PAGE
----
DIRECTOR Tim Burton WRITER John August; Leonard Ripps (1984 screenplay); Tim Burton (original idea) STARS Winona Ryder; Catherine O’Hara; Martin Short CINEMA 10 October

Tim Burton’s stop-motion, black-and-white take on the classic Frankenstein has been eagerly anticipated all year. Following the disappointing Dark Shadows, however, it was reasonable to ponder if this could be pulled off. Thankfully, he comes up trumps; Frankenweenie is utterly charming.

Victor is an only child, fascinated by science and invention. He’s not a misfit as such, nevertheless his only friend is his beloved bull terrier, Sparky. When Victor obliges his father and takes part in a baseball game, his beloved dog takes after the ball and is run over and killed. Inspired by school science lessons, the heartbroken Victor experiments and brings Sparky back to life. He manages to conceal his patched and bolted dog for a month—marked by full moon—before the secret is out and all hell breaks loose…

Of course, this is a PG film and therefore it is lightweight. There is no monster here; this Frankenstein is a 10-year-old boy who reanimates purely for love. Saying that, there is some classic horror trope to be found here: a misunderstood, innocent character vilified due to narrow-minded village mentality; a torch-bearing witch hunt; and a supernatural element from spooky characters predicting downfall (even if it does involve a cat simply defecating people’s initials). And parents will have fun spotting the references in the detail, such as Sparky’s love interest gaining Bride of Frankenstein stripes in her fur after he electrocutes her, a Nosferatu silhouette on the stairs and even a spearing à la The Omen. The most fun of all these is of course the tribute to Vincent Price, Victor’s science teacher bearing an uncanny resemblance to the actor, whose last role was in Burton’s Edward Scissorhands.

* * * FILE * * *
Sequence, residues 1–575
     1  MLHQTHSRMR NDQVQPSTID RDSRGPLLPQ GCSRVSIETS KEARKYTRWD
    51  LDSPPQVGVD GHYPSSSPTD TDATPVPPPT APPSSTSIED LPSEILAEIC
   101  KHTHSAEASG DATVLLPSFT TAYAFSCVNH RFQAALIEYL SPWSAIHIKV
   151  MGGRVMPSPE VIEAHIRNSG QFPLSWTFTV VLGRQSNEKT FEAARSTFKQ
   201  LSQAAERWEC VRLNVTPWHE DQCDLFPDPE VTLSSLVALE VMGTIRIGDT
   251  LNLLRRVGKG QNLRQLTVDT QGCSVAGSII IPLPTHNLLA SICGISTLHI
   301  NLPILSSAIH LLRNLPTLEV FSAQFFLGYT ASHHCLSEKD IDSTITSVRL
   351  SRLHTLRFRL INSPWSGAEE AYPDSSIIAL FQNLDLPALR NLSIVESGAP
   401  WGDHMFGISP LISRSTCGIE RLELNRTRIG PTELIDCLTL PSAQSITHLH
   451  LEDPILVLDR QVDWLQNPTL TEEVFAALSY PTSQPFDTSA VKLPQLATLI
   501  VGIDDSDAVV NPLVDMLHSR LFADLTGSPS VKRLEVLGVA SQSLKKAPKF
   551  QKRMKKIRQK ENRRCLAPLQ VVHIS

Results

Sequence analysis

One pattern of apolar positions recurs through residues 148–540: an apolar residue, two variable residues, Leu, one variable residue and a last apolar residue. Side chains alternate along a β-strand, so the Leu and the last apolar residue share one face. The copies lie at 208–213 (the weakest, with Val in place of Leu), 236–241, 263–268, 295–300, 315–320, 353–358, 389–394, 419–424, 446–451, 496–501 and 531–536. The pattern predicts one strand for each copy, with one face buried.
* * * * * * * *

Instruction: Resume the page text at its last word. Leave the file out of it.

But what makes Frankenweenie so charming is its stop-motion; it would be considerably less appealing if CGI. The puppetry is simply superb; there is movement in the characters’ physicality as a whole, whilst Sparky’s motions really do feel characteristic of his breed. Let’s not forget texture; here is some excellent attention to detail from puppet-makers Mackinnon and Saunders. Were it not for this, there would be little point in 3D, yet here it is a pleasure to get closer to these lovingly-made puppets. Some moments will be a tad too frightening for very young children, a fluffy cat transformation to shrivelled, winged monster in particular is not shirked on, but Frankenweenie cannot be highly recommended enough for a family-friendly Halloween film.


Posted by Naila Scargill

Naila is the founder and editor of Exquisite Terror. Holding a broad editorial background, she has worked with an eclectic variety of content, 
ranging from film and the counterculture, to political news and finance. She is the Culture Editor at Trebuchet, and generally gets around.